Maraschino cherries don't get much respect. In 1911, the New York Times, while calling for the banishment of the cocktail, singled out the humble cocktail cherry for special opprobrium that's so deliciously-written I should really quote it at length:
Few persons who have been reasonably well-bred, and choose their edibles and drinkables with some regard for hygienic laws, know much, if anything, about the cocktail cherry. It is a tasteless, indigestible thing, originally, to be sure, a fruit of the cherry tree, but toughened and reduced to the semblance of a formless, gummy lump by long imprisonment in a bottle filled with so-called maraschino. The liquor known as maraschino, when authentic, has its merits, and though we may shun it we are not disposed to condemn it, for it is derived from the most luscious cherries. But the so-called maraschino of commerce has been found, on analysis, to contain benzaldehyde, glucose (Glucose? Hardly horrible. -- Ed.), and other objectionable ingredients, and this is the liquid in which the cocktail cherry of commerce has been preserved. The information comes none too soon. The cocktail cherry should be suppressed. . .the cocktail cherry is an abomination of comparatively recent origin, and now that its utter unfitfulness has been manifested, we trust that it will disappear.
Fast-forward almost ninety-six years, and the Times' opinion hasn't changed much:
. . .those vinyl-textured, frighteningly neon and once potentially carcinogenic (remember red dye No. 2?) orbs.
But can you blame them, really? Commercial Maraschino cherries aren't made from hand-picked Maraska cherries marinated in Maraschino liqueur. As ace bartender Toby Cecchini pointed out in a Times article from 2005, real Maraschino cherries have a long and noble history dating back to the 16th century, a far cry from today's "cloying paragon of artificiality" that "is the culinary equivalent of an embalmed corpse."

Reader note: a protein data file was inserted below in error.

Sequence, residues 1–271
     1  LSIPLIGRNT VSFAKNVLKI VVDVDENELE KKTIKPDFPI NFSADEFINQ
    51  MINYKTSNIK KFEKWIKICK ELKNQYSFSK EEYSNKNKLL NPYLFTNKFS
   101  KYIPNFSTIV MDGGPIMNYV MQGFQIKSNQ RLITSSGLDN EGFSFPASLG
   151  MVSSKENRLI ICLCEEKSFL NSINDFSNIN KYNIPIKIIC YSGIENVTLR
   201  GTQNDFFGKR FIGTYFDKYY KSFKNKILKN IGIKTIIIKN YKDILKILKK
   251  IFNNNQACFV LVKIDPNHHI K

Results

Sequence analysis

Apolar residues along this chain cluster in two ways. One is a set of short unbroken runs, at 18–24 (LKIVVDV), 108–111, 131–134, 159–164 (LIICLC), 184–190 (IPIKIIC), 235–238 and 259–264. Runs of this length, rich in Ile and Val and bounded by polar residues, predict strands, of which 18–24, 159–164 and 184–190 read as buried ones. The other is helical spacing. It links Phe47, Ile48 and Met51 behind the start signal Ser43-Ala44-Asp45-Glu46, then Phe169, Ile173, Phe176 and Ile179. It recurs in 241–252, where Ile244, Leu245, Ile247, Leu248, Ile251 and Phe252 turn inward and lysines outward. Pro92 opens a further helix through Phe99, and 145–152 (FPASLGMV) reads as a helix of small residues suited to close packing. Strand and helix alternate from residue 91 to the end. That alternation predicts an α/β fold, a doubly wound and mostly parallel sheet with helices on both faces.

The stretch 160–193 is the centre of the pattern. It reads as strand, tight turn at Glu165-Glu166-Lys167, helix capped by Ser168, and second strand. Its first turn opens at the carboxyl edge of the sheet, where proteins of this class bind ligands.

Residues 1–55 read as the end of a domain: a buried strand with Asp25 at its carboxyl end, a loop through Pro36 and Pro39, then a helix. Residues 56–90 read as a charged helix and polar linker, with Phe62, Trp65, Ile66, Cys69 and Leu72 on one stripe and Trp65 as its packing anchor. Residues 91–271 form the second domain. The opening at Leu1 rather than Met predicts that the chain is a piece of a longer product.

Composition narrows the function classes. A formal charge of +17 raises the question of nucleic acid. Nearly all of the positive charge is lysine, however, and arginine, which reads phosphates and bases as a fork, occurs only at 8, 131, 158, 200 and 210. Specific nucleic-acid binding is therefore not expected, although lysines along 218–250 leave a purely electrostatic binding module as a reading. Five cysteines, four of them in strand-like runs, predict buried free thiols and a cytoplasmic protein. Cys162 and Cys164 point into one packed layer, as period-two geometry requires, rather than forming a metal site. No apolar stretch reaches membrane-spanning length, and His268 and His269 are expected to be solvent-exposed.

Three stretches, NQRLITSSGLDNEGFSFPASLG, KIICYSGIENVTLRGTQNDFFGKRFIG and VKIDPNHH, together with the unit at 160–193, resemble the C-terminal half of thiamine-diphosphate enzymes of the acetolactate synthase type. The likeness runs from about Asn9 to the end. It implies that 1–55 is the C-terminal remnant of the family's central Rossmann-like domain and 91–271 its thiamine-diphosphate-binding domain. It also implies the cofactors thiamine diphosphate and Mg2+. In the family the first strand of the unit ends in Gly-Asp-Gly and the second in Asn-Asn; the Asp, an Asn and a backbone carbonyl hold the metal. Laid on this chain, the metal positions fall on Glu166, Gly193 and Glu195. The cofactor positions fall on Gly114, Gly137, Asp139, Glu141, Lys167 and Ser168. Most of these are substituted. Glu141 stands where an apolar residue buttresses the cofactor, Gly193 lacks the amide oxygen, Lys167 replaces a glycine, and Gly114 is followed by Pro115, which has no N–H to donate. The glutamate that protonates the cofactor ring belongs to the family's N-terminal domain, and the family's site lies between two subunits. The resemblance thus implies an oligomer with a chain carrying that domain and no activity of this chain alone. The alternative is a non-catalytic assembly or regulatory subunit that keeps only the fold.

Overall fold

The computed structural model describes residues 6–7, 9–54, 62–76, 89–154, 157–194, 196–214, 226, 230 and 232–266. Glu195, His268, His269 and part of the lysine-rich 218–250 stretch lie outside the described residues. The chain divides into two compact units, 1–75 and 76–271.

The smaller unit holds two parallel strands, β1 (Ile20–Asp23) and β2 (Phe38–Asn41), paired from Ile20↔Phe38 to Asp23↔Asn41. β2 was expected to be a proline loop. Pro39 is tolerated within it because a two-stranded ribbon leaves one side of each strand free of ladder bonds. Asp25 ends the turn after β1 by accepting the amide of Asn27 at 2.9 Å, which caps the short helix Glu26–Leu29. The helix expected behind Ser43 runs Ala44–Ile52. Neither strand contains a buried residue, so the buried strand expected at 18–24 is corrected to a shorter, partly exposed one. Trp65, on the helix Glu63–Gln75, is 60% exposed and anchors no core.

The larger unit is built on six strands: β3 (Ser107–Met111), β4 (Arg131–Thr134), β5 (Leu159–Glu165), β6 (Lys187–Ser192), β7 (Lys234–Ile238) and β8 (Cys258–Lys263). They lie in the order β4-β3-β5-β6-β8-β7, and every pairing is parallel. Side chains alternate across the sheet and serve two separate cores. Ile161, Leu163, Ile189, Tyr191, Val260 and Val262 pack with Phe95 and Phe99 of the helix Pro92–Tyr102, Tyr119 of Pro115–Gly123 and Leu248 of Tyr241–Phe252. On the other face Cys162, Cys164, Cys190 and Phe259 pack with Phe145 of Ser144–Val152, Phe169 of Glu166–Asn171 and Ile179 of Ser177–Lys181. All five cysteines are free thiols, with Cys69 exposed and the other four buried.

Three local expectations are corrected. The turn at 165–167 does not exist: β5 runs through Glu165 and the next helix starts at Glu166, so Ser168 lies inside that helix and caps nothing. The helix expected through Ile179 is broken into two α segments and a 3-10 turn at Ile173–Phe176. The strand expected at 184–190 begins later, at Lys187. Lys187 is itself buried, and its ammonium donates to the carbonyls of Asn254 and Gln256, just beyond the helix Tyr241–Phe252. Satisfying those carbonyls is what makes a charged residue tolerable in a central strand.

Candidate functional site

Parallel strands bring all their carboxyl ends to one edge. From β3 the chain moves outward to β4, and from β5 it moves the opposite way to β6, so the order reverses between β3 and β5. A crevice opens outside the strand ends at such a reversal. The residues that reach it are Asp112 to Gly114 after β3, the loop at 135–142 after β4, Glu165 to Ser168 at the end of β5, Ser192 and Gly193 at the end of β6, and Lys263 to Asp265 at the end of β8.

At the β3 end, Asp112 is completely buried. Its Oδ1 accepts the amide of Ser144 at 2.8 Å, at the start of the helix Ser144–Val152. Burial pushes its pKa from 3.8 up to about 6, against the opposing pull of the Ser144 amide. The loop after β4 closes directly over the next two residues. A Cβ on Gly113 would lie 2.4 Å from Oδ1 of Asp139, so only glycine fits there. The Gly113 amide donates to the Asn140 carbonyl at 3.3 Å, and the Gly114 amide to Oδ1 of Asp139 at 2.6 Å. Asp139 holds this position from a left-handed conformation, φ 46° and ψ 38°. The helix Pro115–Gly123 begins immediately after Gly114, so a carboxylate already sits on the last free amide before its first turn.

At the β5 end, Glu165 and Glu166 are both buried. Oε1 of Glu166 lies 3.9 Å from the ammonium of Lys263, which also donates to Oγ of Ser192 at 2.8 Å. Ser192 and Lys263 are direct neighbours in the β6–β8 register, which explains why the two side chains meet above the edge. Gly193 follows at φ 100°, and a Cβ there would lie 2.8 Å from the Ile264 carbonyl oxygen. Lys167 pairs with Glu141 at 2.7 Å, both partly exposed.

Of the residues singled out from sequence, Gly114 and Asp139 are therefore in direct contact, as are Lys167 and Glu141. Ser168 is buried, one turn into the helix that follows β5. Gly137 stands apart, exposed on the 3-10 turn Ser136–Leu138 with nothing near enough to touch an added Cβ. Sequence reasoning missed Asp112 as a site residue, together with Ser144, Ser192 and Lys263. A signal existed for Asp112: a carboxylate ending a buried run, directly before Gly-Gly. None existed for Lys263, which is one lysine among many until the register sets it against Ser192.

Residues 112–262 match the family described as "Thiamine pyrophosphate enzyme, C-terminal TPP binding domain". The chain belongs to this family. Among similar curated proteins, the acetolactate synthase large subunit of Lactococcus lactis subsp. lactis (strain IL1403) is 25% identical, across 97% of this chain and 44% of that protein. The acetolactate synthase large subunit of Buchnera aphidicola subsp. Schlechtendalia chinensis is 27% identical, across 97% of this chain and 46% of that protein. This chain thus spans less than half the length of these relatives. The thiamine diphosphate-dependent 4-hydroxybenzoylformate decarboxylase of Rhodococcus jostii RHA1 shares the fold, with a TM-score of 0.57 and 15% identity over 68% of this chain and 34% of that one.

Canned Luxardo Maraska cherries, as served by the Pegu Club and others, are awesome (read co-author Chuck Taggart's encomium) but really expensive. I'd been making my own ersatz Maraschino cherries by getting jars of canned sour cherries in syrup at my local European-imports store, and replacing the sugar syrup with Maraschino liqueur. Good, but not great.
So I was pleased to run across this recipe for homemade Maraschino cherries in the Times, and dashed down to the farmer's market at the earliest opportunity. After a little bit of searching (and crossing my fingers, as the sour-cherry season is really brief), I was the proud owner of two quarts of fresh organic New York State sour cherries:
After removing the smushed ones and the stems and stray leaves and pits (and tasting a few -- fresh sour cherries are pretty much all tartness and acid bite), I had a little more than three pints of cherries. I heated up the Maraschino liqueur, poured it over the cherries, jarred them, and tucked them into the refrigerator.
Three days later, I tasted them. Still tart, but the liqueur has really brought out the cherry flavor. They're firmer than the canned ones (since they haven't been cooked) and the sweet-nutty taste of the liqueur only enhances them. They're heady and wonderful, and one of them looked good and tasted even better at the bottom of my nicely spicy Manhattan last night. (Sazerac rye, Vya vermouth, Bitter Truth Jerry Thomas' Own Decanter bitters.) Oddly enough, I don't have a picture of that one, as the cocktail didn't quite make it to the photo shoot....
This was very easy -- maybe five minutes' work after pitting all the cherries -- and produced great results. As Anita puts it, "there’s really no excuse for choosing a zombie cherry."